Report ranks Kentucky, Indiana above average for hospital infections
The rate of infection in Kentucky and Indiana, ranked higher than the national average.
Dr. John Santa
The highest safety score in Consumer Reports for Louisville area hospital ratings is far from a household name, it's the Kentuckiana Medical Center in Clarksville, Indiana.
University Hospital rated below average for medical and surgical mortality.
LOUISVILLE, KY (WAVE) - Hospitals can
be hazardous to your health. A new study released Thursday by the Center for
Disease Control revealed one in 25 patients have at least one
The rate of infection in Kentucky and
Indiana, ranked higher than the national average.
Patients get the wrong
drugs, fail to get needed tests or treatments or develop infections that could
have been prevented.
Consumer Reports rankings revealed some familiar names that are falling behind
specifically in caring for older patients. In fact, the highest safety
score in Consumer Reports for Louisville area hospital ratings is far from a
household name, it's the Kentuckiana Medical Center in Clarksville, Indiana.
Baptist Health LaGrange
had an equally high overall score. Baptist Health Louisville and Flaget Memorial
Hospital in Bardstown were just two points behind Baptist Health LaGrange.
Out of all of the those,
only Kentuckiana Medical Center received an above average rating for avoiding
medical mortality, which is based on how likely patients are to die within 30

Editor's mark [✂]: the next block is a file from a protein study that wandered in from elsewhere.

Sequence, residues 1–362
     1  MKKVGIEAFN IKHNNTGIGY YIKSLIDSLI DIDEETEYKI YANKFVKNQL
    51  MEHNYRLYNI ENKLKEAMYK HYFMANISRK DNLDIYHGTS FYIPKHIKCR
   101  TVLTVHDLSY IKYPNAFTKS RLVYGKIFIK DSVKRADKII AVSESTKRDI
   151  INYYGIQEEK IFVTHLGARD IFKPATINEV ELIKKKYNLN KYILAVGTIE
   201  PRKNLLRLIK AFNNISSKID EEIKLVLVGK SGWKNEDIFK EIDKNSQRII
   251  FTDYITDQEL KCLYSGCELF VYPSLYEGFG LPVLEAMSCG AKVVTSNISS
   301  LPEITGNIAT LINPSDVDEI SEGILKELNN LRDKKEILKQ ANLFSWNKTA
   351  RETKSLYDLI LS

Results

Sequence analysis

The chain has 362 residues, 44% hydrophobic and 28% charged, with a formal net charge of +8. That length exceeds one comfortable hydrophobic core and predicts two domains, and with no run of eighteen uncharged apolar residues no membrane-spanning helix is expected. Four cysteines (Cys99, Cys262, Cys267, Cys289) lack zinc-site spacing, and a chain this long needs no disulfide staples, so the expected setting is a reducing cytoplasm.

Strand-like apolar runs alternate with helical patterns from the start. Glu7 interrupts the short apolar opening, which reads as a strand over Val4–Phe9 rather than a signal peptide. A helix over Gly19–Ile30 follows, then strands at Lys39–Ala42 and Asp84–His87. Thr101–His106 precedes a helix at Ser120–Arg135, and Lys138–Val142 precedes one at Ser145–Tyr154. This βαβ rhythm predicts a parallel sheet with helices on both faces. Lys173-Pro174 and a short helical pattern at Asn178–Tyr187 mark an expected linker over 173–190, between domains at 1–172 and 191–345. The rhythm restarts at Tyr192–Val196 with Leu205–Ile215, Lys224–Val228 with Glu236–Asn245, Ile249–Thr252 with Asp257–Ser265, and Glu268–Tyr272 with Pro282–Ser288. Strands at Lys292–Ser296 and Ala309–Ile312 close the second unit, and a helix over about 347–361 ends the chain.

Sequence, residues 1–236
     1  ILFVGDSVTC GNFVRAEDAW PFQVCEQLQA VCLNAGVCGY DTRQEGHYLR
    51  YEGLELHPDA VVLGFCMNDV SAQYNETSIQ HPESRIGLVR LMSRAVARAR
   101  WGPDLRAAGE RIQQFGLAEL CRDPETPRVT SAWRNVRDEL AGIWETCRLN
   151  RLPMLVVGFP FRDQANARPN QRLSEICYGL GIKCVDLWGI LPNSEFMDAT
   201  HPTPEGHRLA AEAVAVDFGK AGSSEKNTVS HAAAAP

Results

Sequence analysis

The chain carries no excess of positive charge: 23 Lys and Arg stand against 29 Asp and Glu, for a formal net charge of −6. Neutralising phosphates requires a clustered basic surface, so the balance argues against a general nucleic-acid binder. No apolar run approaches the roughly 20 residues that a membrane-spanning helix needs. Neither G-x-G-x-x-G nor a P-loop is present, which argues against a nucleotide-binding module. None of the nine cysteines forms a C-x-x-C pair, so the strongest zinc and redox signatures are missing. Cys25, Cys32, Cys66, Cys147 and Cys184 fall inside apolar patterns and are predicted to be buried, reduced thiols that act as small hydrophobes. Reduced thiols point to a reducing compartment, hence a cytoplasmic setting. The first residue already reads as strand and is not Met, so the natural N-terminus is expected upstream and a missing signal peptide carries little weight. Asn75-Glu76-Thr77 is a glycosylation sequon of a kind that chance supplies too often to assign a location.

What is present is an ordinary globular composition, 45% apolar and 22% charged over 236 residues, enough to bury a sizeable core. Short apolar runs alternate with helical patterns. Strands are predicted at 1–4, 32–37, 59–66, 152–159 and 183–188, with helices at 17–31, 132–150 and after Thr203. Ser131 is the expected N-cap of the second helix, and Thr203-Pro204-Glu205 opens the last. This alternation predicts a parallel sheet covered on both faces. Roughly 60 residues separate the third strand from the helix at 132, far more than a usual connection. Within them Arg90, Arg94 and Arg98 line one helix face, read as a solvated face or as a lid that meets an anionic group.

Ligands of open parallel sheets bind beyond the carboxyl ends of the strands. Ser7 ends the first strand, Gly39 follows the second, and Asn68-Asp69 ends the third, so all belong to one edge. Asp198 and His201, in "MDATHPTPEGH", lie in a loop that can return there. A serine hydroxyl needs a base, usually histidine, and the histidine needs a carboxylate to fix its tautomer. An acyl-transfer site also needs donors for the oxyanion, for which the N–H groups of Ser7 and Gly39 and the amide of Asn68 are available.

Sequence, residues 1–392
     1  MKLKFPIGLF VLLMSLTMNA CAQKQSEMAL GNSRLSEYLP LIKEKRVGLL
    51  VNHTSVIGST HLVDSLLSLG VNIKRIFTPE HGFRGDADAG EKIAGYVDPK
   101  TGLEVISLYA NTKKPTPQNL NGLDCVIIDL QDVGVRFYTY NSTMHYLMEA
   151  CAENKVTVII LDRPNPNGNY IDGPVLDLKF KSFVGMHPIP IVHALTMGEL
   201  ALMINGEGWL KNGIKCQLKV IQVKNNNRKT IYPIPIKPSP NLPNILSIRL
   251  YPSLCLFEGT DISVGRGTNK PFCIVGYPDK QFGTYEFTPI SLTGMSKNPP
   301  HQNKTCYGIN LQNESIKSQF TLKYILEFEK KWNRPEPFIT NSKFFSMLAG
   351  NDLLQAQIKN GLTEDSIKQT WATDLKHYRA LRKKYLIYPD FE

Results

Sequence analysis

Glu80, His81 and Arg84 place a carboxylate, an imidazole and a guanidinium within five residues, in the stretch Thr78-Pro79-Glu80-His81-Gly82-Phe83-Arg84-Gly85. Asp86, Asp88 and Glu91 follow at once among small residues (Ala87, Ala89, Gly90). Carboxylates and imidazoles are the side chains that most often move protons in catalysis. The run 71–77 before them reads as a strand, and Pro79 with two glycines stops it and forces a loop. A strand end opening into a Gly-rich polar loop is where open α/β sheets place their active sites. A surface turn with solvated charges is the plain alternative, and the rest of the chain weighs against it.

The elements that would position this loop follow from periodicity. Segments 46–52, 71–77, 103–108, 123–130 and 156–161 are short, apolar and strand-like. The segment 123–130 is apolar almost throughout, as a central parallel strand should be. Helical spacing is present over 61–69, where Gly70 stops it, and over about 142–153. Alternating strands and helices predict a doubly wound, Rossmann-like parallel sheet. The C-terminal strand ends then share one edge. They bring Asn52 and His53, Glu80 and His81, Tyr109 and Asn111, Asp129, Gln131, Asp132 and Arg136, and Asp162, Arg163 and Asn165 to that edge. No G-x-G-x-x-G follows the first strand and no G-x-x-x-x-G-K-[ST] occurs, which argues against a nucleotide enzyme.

days of being admitted for a heart attack, heart failure or pneumonia.
Analysts also considered
how often surgery patients with serious but treatable complications die in the
Dr. John Santa said, "Although
this data is from people 65 and older, it's a good indication of a hospital's
attention to safety. And we find the chance of dying is much higher in some
hospitals than others."
Two big names ranked at
the bottom of the list were KentuckyOne's Jewish Hospital and University of
University rated below
average for medical and surgical mortality.
"worse" by Consumer Reports, for surgical mortality.
John James, who has
dedicated himself to improving hospital safety for all ages, said, "We got humans here. They make
His teenage son died after
what James said was a series of hospital errors.
The Journal of Patient
Safety published James' analysis, which estimated 440,000 people a year die
after suffering medical errors in hospitals.
James said it's the third
biggest cause of death after heart disease and cancer.
"The real question is
are they making too many mistakes and are they learning from the ones they
make? And my answer is they're not learning as well as they could
be," he said.
In a statement,
supports and embraces transparency in health care, as patients now have access
to more information than ever before. We are in the process of reviewing this
report and evaluating Consumer Reports' methodology, along with the many other
rating services, to ensure consistency and accuracy. As we move further into a
standardized culture of quality and safety at KentuckyOne Health, we are working
to ensure a consistent experience for all of our patients. This type of
information will serve as another tool in the continuous improvement of our
care delivery across the state."
To view a complete list of rankings for
hospitals in our area, click here.
For ways to avoid problems and more
information on hospital deaths caused by medical harm, click